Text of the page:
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States, Empires and the Performance of Power

SEMINAR OVERVIEW:

This week offers an introduction to, and survey of, the theme of power, both in terms of the variety of types of structure and how authority was constructed. The seminar builds on the first lecture, ‘Power and Authority’, to think about the different ways in which power and authority were constructed in the early modern period. Following the theme of the second lecture, ‘Absolute Power’, we will also examine one form of government, monarchy, to examine how far absolute power was sought, practised and represented.

 

SEMINAR QUESTIONS:

  • How did other states compare and contrast to Louis XIV’s France?
  • What are a state’s essential attributes and why did the state strengthen in the early modern period?

  

PRIMARY SOURCE:

Extract from Louis XIV's Memoirs, giving advice on kingship to his son (taken from Mémoires for the instruction of the Dauphin, trans Paul Sonnino (New York,1970).

Questions about the source:

  • How did Louis XIV think monarchical power should be constructed? (You might also like to relate this to Images of Louis XIV: see The king's costume as Apollo, and an image of him wearing it You might like to try finding other images of Louis XIV to see how he had himself represented.)
  • How far was his authority a cultural construct? Should we distinguish between power and authority?

 

ESSENTIAL READING:

Butters, Humfrey ‘The Theory and Practice of Politics and Government 1500-1800’ in Beat Kümin (ed.), The European World (3rd ed, 2018), 312-25

  

RECOMMENDED READING:

Burke, Peter, The Fabrication of Louis XIV (1992), chapter 12 ‘Louis in perspective’, which compares Louis with other rulers. There is a short version of the book’s wider argument in History Today Volume 42 Issue 2 February 1992.

Henshall, N., The Myth of Absolutism (1992), scan of ch 2. ‘Louis XIV Reassessed. The book’s overall argument is summarised in History Today 42 (1992)

Elliott, J.H., ‘A Europe of composite monarchies’, P&P 137 (1992) – this article explores how many monarchs ruled over more than one territory and that these were often diverse and dispersed.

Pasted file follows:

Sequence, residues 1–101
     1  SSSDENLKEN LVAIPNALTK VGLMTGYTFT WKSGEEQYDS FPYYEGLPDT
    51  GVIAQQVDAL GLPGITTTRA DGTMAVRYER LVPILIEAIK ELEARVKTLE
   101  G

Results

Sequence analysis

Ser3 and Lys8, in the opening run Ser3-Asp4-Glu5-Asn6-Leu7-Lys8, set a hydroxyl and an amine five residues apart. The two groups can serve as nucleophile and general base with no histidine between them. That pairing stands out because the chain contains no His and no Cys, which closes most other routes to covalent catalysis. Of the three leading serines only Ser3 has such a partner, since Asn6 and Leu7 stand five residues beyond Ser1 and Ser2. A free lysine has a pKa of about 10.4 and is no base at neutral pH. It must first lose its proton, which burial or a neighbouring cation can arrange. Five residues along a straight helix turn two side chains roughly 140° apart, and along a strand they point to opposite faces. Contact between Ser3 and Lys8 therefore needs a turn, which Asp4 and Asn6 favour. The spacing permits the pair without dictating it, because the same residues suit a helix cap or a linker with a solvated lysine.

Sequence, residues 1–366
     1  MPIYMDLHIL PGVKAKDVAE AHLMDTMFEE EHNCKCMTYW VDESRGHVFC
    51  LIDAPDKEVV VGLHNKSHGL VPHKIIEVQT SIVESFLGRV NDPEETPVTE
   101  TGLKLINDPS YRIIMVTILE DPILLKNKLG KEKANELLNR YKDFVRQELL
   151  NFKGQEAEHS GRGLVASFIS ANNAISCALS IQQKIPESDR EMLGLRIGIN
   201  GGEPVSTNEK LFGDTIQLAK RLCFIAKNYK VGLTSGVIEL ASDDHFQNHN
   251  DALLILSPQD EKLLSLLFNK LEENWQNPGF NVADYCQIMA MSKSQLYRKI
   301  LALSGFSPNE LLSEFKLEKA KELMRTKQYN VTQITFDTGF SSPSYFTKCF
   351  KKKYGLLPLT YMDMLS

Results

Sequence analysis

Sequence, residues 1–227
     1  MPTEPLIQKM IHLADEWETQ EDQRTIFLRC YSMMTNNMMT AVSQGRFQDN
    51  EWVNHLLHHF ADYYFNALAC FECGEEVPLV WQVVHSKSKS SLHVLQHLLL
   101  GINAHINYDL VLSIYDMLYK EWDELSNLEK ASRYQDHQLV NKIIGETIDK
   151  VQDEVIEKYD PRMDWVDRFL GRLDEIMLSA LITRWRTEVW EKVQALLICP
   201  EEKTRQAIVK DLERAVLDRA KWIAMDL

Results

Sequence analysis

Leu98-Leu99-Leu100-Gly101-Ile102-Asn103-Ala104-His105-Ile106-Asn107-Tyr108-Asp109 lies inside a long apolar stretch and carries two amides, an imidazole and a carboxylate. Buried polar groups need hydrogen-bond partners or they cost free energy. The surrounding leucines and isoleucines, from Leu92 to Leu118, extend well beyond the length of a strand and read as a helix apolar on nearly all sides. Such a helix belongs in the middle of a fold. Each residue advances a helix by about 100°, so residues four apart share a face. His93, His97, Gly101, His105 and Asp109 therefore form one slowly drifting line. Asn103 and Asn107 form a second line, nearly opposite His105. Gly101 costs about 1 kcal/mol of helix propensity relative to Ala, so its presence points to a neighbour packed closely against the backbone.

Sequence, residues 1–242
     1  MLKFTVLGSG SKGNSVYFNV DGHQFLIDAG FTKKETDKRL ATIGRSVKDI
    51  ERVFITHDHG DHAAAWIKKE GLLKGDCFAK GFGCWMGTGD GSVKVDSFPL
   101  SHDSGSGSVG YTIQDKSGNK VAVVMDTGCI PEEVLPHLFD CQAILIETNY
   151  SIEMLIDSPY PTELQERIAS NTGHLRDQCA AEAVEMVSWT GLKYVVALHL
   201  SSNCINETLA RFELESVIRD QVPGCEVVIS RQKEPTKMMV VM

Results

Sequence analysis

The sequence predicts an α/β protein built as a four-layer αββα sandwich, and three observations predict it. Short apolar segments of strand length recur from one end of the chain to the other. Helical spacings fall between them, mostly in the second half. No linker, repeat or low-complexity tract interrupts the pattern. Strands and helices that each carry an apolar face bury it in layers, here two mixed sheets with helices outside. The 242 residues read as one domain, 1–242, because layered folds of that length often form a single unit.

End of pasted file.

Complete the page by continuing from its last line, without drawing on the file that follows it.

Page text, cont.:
Cardim, P., T. Herzog, J. J. Ruiz Ibáñez, G. Sabatini (eds), Polycentric Monarchies: How Did Early Modern Spain & Portugal Achieve & Maintain a Global Hegemony? (2014) (ebook) This pursues this idea further, examining the global impact of such composite or polycentric monarchies.

Hindle, S., and B. Kümin, ‘Centre and Periphery’ in Beat Kümin (ed.), The European World (3rd ed, 2018), 359-67. This explores where power was located in early modern Europe.

Skinner, Q., 'A genealogy of the modern state', Proceedings of the British Academy, 162 (2009), pp. 325–370. This traces the origins of the idea (and term) of a state and explains how the concept changed over time.

 

FURTHER READING:

Anderson, M.S., The Origins of the Modern European State System 1494-1618 (1998), scan of ch. 2 ‘The Instruments of International Relations: Trade and Finance’

Black, J., Kings, nobles and commoners: States and Societies in Early Modern Europe (2004) (ebook)

Black, J., The Rise of the European Powers 1679-1793 (1990), scan of ch. 4 ‘Practice and Theory in Ancien Regime International Relations’ This examines the clashes between European nations into the eighteenth century.

Bonney, R., The European Dynastic States 1494-1660 (1991), scans of ch. 4 ‘The Struggle for European Hegemony, 1618-1660’ and ‘Conclusion: The European Dynastic States’

Braddick, Michael, State Formation in Early Modern England, 1550-1700 (2000) – ebook

Ellis, S. G., ‘The limits of power: the English crown and the British Isles’ in P. Collinson (ed.), The Sixteenth Century, 1458-1603 (2002)

Miller, J., (ed.), Absolutism in Seventeenth Century Europe (1990)

Fichtner, P. Sutter, The Habsburg Monarchy 1490-1848: Attributes of Empire (2003)

Kennedy, P., The Rise and Fall of the Great Powers: Economic Change and Military Conflict from 1500-2000 (1989), chs. 2 and 3.

Kirshner, J., et al., ‘The Origins of the State in Italy, 1300-1600Journal of Modern History, 67 (1995)

Melton, J. Van Horn, ‘Absolutism and “modernity” in early modern Central Europe’, German Studies Review 8 (1985)

Wilson, P., Absolutism in Central Europe (2000) (ebook)

ELECTRONIC RESOURCES:

French Absolutism - collection of primary sources relating to Louis XIV’s France

The Palace of Versailles - official website relating to palace and park of Versailles, France

BBC Radio 4 Programme ‘Shadow of the Sun King’ Episode 1 and Episode 2

James I’s advice on kingship, in which he says kings are ‘publike persons …set …upon a publike stage, in the sight of all the people’. https://www.bl.uk/collection-items/printed-edition-of-king-james-vi-and-is-basilikon-doron-or-the-kings-gift-1603 Click on ‘view the images to open up pdfs of the original text from this 1603 work.

BBC Radio 4 ‘In Our Time Programme’ ‘The Trial of Charles I’

Early Modern Austrian Absolutism - collection of documents relating to the Austrian Habsburgs

Portugal in the Seventeenth and Eighteenth Centuries - account from Stanley Payne’s A History of Spain and Portugal

The Revolt of the Netherlands - documents relating to the Reformation and the Revolt of the Low Countries, 1555-1609

Absolutism and the Divine Right of Kings - short overview by historian J. P. Sommerville

Russian absolutism - collection of primary sources relating to Peter the Great’s Russia

BBC Radio 4 ‘In Our Time Programme’ ‘The Building of St Petersburg’

 

There is plenty of primary material on Historical Texts (Anglophone), Bibliothèque Nationale’s digital library Gallica: http://gallica.bnf.fr/